I didn't arrive home from Mexicali until 9:30 Saturday night. Relaxing but long was the day. I was fortunate enough to stay at a nice hotel, the Crown Plaza, which has a fantastic gym and very comfortable rooms. I was able to sleep in, work out, have breakfast and then surf the net before leaving for the airport at 12:30.
Sunday I spent most of the day hanging around taking short naps. Later Sunday evening we went to a memorial mass for Juan's dad who passed away five years ago.
Today was rush, rush, rush. I had to turn in my invoices to the publisher so I might get paid the second week of January. I cleaned the house, worked outside in the trailer, and had some help raking the leaves. All the painting I had planned to do got done. So I am a happy camper. I also drove to Allende to check on our place there before leaving town.
Tomorrow we might take off before noon for San Miguel de Allende, if not first thing bright and early on Wednesday. I can't wait to see everyone who is there and meet those I haven't met in person but on the internet.
Sunday, December 20, 2009
I found this article on the Associated Press. There is a conscience and it is in the air in Mexico.
Tijuana's drug war focuses on policeBehind every crime is a corrupt cop.
That's Public Safety Chief Julian Leyzaola's mantra as he storms Tijuana with its most aggressive police reform to date, a mix of counterterrorism and community policing. If it works, it could be a model for other hotspots and a huge breakthrough in a drug war in Mexico that has taken more than 14,000 lives in the last three years.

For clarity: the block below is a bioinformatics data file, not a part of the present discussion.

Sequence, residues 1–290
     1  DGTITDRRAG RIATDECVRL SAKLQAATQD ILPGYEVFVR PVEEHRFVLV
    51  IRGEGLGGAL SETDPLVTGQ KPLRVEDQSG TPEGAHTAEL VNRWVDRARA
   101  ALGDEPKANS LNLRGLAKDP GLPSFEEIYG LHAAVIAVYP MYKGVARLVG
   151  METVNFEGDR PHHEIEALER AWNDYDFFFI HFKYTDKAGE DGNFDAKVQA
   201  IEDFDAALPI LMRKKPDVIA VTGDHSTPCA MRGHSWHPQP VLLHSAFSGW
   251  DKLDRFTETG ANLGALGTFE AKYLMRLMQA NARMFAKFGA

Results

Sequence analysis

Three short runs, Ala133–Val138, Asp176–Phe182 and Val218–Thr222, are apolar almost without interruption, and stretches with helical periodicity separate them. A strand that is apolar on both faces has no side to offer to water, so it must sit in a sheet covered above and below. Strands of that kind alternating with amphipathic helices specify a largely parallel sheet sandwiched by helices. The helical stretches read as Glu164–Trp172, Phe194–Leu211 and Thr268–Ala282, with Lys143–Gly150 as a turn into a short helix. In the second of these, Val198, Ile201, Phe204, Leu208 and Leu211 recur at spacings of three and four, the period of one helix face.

But the job is as monumental as turning around Al Capone's Chicago. Cops in this border city and many others nationwide now serve as the eyes and ears of drug lords. And those who fight the cartels often end up dead.
The Associated Press followed Leyzaola for eight months as he rallied troops, consoled officers' widows and appealed to jaded residents for support. The AP joined commanders and officers on patrol, at target practice and in training classes, tracking firsthand Leyzaola's intended reforms.
Leyzaola, 49, joined Tijuana police in 2007, after 25 years in the army and stints running Baja California's state prisons and police. A year ago, he became head of the largest police force in Baja, where 90 percent of officers surveyed last year failed federal security checks.
"Listen well," the retired military officer says with his trademark certitude. "No delinquent can survive without help from the authorities. If you do not clean up the police, you will never get rid of drug trafficking."